This does require some amount of compromise since your idea of a good spot is possible to be the opposite of what at least one cat thinks. Having two cats means taking two different personalities into account. Pay close attention to where each cat likes to spend its time and move its litter box in or around the area accordingly.
Next, note each cat’s personal actions and needs. Older and smaller cats cannot climb into boxes with higher entries as easily as others. Cats with bowel and/or bladder problems need something accessible.
It is also essential to watch the reactions of the cats to things like the litter and the box itself. Granted, you would not stop using a restroom just because the wallpaper was ugly. However, you would likely stop using your friend’s restroom if he never flushed.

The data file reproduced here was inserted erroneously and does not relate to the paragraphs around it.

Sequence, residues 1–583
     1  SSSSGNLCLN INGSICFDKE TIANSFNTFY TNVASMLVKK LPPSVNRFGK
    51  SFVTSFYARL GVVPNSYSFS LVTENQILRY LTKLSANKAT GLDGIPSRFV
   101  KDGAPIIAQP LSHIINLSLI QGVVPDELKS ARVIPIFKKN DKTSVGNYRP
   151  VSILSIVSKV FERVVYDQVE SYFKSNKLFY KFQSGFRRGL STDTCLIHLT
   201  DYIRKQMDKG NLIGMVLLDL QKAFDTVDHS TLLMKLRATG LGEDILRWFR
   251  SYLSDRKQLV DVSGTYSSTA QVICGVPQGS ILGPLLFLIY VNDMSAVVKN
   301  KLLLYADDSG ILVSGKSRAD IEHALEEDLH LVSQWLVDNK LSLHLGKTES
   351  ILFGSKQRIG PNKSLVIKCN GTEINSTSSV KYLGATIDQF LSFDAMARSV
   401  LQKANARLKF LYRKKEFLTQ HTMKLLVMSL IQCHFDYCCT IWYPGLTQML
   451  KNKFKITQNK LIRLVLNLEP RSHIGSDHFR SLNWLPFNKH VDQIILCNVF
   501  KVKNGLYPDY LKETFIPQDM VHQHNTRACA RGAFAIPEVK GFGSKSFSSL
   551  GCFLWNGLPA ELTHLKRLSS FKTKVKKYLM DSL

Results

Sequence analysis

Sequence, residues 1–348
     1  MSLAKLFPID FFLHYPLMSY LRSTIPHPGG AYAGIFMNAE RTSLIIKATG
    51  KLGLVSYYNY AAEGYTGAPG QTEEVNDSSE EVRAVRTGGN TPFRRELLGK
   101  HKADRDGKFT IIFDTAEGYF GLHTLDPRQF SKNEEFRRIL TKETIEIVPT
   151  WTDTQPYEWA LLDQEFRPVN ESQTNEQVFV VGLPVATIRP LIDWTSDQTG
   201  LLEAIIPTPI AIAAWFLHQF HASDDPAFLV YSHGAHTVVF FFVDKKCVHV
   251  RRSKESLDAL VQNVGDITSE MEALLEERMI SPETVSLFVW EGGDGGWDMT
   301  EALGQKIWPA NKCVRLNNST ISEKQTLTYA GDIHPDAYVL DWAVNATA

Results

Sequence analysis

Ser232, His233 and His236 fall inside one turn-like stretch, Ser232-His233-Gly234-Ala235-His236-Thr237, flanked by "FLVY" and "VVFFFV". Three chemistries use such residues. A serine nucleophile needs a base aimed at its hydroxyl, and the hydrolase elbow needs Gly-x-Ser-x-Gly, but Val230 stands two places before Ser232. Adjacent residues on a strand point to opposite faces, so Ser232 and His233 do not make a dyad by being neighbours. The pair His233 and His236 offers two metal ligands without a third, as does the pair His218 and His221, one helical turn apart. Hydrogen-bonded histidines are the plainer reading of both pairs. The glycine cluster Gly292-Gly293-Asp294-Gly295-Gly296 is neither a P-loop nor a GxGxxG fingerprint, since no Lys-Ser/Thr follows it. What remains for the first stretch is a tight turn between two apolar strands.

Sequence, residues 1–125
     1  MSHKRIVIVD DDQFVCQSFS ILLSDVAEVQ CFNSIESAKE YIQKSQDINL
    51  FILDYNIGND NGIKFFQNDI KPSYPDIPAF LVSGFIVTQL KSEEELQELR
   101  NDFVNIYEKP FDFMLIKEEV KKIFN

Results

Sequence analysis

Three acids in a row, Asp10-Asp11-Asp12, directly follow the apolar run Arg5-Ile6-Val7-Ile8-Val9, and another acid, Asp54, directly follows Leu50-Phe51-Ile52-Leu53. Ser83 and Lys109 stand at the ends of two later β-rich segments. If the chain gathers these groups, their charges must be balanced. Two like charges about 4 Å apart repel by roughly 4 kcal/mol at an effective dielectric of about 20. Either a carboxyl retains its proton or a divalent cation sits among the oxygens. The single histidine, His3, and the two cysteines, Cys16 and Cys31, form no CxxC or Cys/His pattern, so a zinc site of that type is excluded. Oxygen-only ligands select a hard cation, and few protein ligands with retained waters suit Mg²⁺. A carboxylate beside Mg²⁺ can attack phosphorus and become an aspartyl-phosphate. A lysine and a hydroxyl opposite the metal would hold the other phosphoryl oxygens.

Also on this topic, cats that lean more toward uncovered litter boxes probably have security issues of their own. They need to see what is coming at all times and from all directions. Placing the litter box for this type of cat somewhere central or away from corners or obstructions helps with confidence.
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Think about the way your cats have set up their hierarchy (chain of dominance). This offers a way of knowing which cats are suited to share a box and which need their own spaces. More dominant cats need to make a statement by having their own space that is free of other scents.
"In ancient times cats were worshipped as gods; they have not forgotten this."
-- Terry Pratchett